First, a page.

Listen to the traditional Christmas carols and you hear plenty of melancholy (“God Rest Ye Merry Gentlemen” isn’t so . . . merry). Assuming that not all the halls of our souls should be decked in holly, I’d put under the tree the new and uncensored version of Aleksandr Solzhenitsyn’s classic, In The First Circle. And I’ve just reread his other classic (has he written a book that can’t be described as such?), Cancer Ward, and most heartily recommend it. So stunning in translation, one can only wonder how these books sing in their native Russian. If you’d like a buffet of the Nobel Prize–winner’s best works, I recommend The Solzhenitsyn Reader: New and Essential Writings. Published by ISI Books in 2005, it is co-edited by my great pal Dan Mahoney, who, along with Edward Ericson, has done the Lord’s work trying to remind the West of Solzhenitsyn’s literary greatness.
Enough of books. You can never go wrong with a Swiss Army knife, and my favorite is the Victorinox Swiss Card. It is very cool and has got everything you need — from a pen and a pin to a knife and scissors — and it’s so compact you can really put it in your wallet. Which stinks when you realize you’ve left it there as you’re going through airport screening. Alas, it’s worth that risk.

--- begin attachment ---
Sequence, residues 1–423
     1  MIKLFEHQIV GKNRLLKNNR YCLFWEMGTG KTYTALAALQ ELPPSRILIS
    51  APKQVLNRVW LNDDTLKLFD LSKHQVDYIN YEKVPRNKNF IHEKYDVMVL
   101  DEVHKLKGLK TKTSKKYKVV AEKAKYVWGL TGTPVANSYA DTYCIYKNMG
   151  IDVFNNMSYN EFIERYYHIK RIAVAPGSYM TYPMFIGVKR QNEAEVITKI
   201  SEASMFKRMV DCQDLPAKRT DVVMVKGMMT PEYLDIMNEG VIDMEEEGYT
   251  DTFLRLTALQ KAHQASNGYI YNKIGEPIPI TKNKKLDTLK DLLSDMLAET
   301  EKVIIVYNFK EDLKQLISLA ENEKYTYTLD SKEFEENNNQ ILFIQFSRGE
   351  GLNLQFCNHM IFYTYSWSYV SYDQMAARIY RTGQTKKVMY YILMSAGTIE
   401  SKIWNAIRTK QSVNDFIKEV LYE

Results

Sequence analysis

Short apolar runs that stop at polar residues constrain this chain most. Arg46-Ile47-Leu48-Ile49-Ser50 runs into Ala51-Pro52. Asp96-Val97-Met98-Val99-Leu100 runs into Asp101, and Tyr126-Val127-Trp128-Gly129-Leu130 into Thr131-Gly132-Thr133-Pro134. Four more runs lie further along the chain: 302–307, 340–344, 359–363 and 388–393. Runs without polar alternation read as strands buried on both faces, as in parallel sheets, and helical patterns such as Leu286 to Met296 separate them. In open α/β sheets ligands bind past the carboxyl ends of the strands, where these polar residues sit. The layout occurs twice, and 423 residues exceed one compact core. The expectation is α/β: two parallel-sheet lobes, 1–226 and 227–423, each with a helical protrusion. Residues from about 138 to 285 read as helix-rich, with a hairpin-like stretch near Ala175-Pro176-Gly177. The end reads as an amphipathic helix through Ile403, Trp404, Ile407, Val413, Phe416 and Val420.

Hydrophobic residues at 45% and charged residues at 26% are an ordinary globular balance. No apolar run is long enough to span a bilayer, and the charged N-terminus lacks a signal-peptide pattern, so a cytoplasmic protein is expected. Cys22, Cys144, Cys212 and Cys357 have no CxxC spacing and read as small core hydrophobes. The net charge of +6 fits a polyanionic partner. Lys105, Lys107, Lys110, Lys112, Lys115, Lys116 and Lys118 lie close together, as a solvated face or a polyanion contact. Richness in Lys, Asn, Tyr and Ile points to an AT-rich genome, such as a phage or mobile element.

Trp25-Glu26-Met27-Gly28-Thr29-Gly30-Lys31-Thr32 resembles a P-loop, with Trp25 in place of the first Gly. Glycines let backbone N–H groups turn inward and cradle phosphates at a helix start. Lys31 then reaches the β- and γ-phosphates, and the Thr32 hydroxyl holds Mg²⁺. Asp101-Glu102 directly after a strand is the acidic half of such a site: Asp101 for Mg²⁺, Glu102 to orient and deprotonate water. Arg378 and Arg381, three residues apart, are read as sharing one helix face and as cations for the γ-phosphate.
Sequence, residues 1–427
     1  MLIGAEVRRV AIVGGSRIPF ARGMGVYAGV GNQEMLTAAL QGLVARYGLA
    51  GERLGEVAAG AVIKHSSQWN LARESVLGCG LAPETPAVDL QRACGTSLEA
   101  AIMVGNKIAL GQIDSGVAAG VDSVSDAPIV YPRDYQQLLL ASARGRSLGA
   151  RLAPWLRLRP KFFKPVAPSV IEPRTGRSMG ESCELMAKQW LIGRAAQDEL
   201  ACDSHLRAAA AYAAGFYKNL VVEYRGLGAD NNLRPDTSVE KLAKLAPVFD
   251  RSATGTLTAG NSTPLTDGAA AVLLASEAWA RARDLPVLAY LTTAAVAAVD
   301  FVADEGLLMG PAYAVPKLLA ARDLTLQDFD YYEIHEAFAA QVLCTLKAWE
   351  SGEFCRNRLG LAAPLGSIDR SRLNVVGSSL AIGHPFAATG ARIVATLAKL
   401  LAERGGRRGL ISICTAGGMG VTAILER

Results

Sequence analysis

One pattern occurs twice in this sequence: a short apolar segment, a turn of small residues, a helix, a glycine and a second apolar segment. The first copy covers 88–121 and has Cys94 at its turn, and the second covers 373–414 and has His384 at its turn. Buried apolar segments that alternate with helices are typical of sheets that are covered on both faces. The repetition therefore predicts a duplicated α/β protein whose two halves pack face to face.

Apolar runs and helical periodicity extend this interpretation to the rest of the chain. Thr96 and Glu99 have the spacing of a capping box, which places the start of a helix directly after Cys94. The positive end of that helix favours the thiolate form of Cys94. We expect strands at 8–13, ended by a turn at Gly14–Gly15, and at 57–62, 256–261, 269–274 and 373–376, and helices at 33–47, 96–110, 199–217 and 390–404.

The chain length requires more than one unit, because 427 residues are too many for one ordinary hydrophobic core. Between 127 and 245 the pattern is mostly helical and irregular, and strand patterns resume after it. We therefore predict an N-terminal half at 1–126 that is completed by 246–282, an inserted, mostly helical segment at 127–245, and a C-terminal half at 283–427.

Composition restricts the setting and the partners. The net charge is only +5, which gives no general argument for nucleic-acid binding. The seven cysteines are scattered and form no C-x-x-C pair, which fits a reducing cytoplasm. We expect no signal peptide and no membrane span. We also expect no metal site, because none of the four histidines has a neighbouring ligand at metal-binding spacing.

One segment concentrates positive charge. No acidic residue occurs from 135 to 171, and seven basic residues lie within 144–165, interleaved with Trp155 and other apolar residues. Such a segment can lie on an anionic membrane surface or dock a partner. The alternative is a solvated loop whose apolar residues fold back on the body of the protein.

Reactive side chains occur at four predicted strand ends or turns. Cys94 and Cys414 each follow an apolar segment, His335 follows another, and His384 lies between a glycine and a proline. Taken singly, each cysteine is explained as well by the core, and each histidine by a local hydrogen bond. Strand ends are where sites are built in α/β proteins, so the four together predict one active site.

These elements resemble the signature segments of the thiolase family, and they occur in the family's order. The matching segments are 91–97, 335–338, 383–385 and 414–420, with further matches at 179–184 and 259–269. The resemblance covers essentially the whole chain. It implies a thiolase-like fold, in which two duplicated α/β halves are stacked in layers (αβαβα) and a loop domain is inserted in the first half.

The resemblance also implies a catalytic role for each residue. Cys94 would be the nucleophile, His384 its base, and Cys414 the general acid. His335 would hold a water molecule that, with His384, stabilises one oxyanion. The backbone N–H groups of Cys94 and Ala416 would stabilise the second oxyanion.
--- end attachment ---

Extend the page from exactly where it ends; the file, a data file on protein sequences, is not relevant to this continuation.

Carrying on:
The publisher told me not to forget the most obvious gift: a full-year subscription to National Review!
– Jack Fowler is publisher of National Review.
In the midst of my Iraq deployment, I sent my wife (through Amazon.com) the unabridged, hardcover version of Victor Hugo’s classic, Les Misérables. This is, to put it simply, a book for hard times. Hugo’s masterpiece doesn’t just tell an epic tale, it shows us what it means to live a life of dignity, integrity, honor, and self-sacrifice. As we fight two wars, as we battle through from paycheck to paycheck at home, and as we look at a culture and see virtue and truth sometimes slipping from sight, it is easy to “grow weary in well-doing” (to borrow from Saint Paul). Jean Valjean’s tale reminds us of the best part of ourselves, teaches us endurance and patience, and reminds us — always — of our desperate need for grace.
From a historical standpoint, it gives us a glimpse of a France that once was, full of misguided passion but alive and vibrant in a way we may never see again. From the spiritual standpoint, it not only shows us what it means to live with virtuous courage, but it also takes time to explain the glory and power of the simple act of prayer, how small acts of mercy can transform lives, and what it means for a parent to truly love a child. The book is almost 1,500 pages long, but that makes it barely longer than the most recent Harry Potter.
And well worth your time.
— David French is a senior counsel at the Alliance Defense Fund and director of its Center for Academic Freedom.